Director Schacht Center for Health and Wellness
Pamela McCarthy assumed leadership of the Schacht Center in 2016. Before becoming director she was the Associate Director of health services in charge of the Counseling Service. A Licensed Clinical Social Worker, McCarthy earned her Bachelors degree at Williams College and her MSW at Smith College School for Social Work. She has significant experience in management in both outpatient and inpatient settings. In her role as Director of the Schacht center McCarthy works to increase easy access to health services for all students to help them flourish at Smith College.
Elaine Longley R.N.
Associate director for Medical Services
Elaine Longley earned a B.S. in Nursing from the University of Massachusetts. After graduation she taught anatomy and physiology at the Western Massachusetts Hospital School for Practical Nursing. Longley also gained experience as a medical/ surgical nurse, a telemetry nurse and an ICU/CCU nurse. She has worked at Smith College in nursing and in medical administration of the nursing staff. Recently she has taken over management of all medical services including the diagnostic lab. Longley has a particular interest in helping students learn how to manage their own health care.
Leslie Jaffe M.D.
Leslie R. Jaffe received his bachelor of arts from Lafayette College and medical degree from New York University School of Medicine. Before coming to Smith College, Jaffe was associate professor of clinical pediatrics and director of the Adolescent Health Center of The Mount Sinai Medical Center in New York. There he developed his interest in promoting women's health and the interconnectedness of health with gender, culture, society, class and race. In addition to his clinical responsibilites at Smith, Jaffe teaches 2 courses: one a large lecture class on women's medical issues and the other a small seminar on women's health in India. For the latter, Jaffe and the 5 students travel to India during interterm to explore experientially what has been studied in the seminar. During the summer, Jaffe teaches a health course to teenage girls as part of the Smith Summer Science and Engineering Program.
Leah Carrasquillo received a Bachelor’s of Arts from Union College in International Political Science and Spanish in 2002, with a focus on Human Rights. Her undergraduate study included research and field work with Romani populations in southern Spain, and internships at the Washington Office on Latin America and at the US Department of State, Office of Human Rights Country Reports and Asylum Affairs. After graduation, she pursued a growing interest in public health through research work involving patients with HIV and Hepatitis C at Boston Medical Center and Boston University Medical School. Leah later continued her studies at Yale University, obtaining a Master’s of Science in Nursing in 2007 as a Family Nurse Practitioner. At Yale, she completed a clinical rotation in Oaxaca, Mexico in rural community health, researched diabetes prevention in Mexican-American women, and was part of an ovarian cancer research team. She has worked in community health, migrant worker health care, and adolescent and adult internal medicine before coming to Smith College Health Services in 2011.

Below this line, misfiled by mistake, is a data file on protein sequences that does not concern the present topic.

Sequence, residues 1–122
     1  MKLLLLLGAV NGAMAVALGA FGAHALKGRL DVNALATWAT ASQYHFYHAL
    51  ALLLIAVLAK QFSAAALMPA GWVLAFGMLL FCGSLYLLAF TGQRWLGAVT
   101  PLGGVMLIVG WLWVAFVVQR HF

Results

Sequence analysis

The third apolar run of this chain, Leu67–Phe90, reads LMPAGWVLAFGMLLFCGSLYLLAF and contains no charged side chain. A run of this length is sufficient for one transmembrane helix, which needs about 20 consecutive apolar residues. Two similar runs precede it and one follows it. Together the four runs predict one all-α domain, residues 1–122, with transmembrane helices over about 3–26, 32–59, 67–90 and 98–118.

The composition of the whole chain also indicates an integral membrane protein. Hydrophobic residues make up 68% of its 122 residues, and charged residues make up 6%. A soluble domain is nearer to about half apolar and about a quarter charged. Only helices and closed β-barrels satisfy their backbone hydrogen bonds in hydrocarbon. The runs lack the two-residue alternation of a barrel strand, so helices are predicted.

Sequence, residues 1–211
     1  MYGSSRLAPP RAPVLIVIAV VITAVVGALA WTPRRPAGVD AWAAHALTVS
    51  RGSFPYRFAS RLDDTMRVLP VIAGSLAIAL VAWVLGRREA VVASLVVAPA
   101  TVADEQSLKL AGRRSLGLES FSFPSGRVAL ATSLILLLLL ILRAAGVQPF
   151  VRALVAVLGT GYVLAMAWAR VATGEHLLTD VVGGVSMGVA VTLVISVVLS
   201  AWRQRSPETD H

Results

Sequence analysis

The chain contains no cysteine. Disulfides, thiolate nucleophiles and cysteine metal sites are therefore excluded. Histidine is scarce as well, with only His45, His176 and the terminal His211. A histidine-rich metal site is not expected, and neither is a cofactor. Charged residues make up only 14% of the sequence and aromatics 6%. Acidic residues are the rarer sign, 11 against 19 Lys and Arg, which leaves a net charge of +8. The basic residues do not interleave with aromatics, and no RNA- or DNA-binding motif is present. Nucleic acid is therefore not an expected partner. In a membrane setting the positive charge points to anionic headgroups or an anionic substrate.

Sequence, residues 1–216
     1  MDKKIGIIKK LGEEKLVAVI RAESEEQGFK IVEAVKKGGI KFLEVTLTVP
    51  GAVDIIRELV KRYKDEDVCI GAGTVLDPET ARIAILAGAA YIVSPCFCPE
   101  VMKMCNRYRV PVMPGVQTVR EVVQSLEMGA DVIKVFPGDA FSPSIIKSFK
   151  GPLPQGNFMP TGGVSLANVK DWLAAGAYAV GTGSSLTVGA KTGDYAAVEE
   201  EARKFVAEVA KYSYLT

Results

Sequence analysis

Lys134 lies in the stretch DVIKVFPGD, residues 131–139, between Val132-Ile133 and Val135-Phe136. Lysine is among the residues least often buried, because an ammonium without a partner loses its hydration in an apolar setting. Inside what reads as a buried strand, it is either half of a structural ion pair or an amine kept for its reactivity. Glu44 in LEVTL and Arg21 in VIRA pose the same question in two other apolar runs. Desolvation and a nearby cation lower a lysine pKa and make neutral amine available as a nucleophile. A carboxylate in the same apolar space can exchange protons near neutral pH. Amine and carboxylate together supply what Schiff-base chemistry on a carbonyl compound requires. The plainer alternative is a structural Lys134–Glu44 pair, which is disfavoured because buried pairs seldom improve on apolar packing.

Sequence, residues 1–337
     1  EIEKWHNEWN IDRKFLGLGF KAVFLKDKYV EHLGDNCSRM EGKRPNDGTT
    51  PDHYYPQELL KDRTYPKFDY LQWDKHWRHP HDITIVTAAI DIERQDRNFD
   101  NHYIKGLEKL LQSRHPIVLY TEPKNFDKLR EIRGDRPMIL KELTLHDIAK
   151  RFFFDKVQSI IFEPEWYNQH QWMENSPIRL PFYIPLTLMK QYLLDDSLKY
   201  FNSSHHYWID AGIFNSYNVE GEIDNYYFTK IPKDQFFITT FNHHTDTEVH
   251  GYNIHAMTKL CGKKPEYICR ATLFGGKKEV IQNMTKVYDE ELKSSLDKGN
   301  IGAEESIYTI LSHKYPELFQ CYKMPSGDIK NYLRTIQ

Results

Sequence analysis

Tanya Griswold graduated from Greenfield Community College's Licensed Practical Nursing Program in 2000. She worked part time in long-term care and in a variety of medical practices. Griswold continued her studies at G.C.C. while working part time and while raising a family. In 2006 she earned her associate degree in science and is now practicing as a registered nurse.
Premila Nair received her bachelor of arts in English, history and political science from the National University of Singapore; her master of science degree in nursing from Pace University; and her post-master’s certification as a nurse practitioner from the University of Massachusetts Amherst. She came to health care after a career as a refugee advocate and teacher. Refugee work in the Sudan, Indonesia, the Philippines, Thailand and Costa Rica gave her firsthand experience with the profound impact health-care providers could have on the well-being of individuals and families and led her to change her career path. Before working in college health, she was a National Health Service scholar and served in an inner-city community health center. She continues those ties by filling in as a volunteer medical provider in a local Survival Center. She maintains a strong professional interest in health care for underserved and traditionally marginalized groups (including refugee and immigrant populations), particularly relating to issues of women’s health and accessibility to services.
A native of Northampton, Susan Roach graduated from Northeastern University in 1984 with a bachelor of science in nursing. After graduation she stayed in the Boston area working at Beth Israel Hospital as a labor and delivery nurse. While in Boston, she met her husband Steve. In 1990 they moved back to Northampton and bought her grandmother’s house, where they continue to live with their three sons. Roach has worked at Baystate Medical Center and at Cooley Dickinson Hospital on their Maternal Child Health units. In 1994 she started her employment at Smith College Health Services as a staff nurse and has enjoyed caring for Smith students. She continues to work per diem at Cooley Dickinson Hospital.
Jenny Martinez Nocito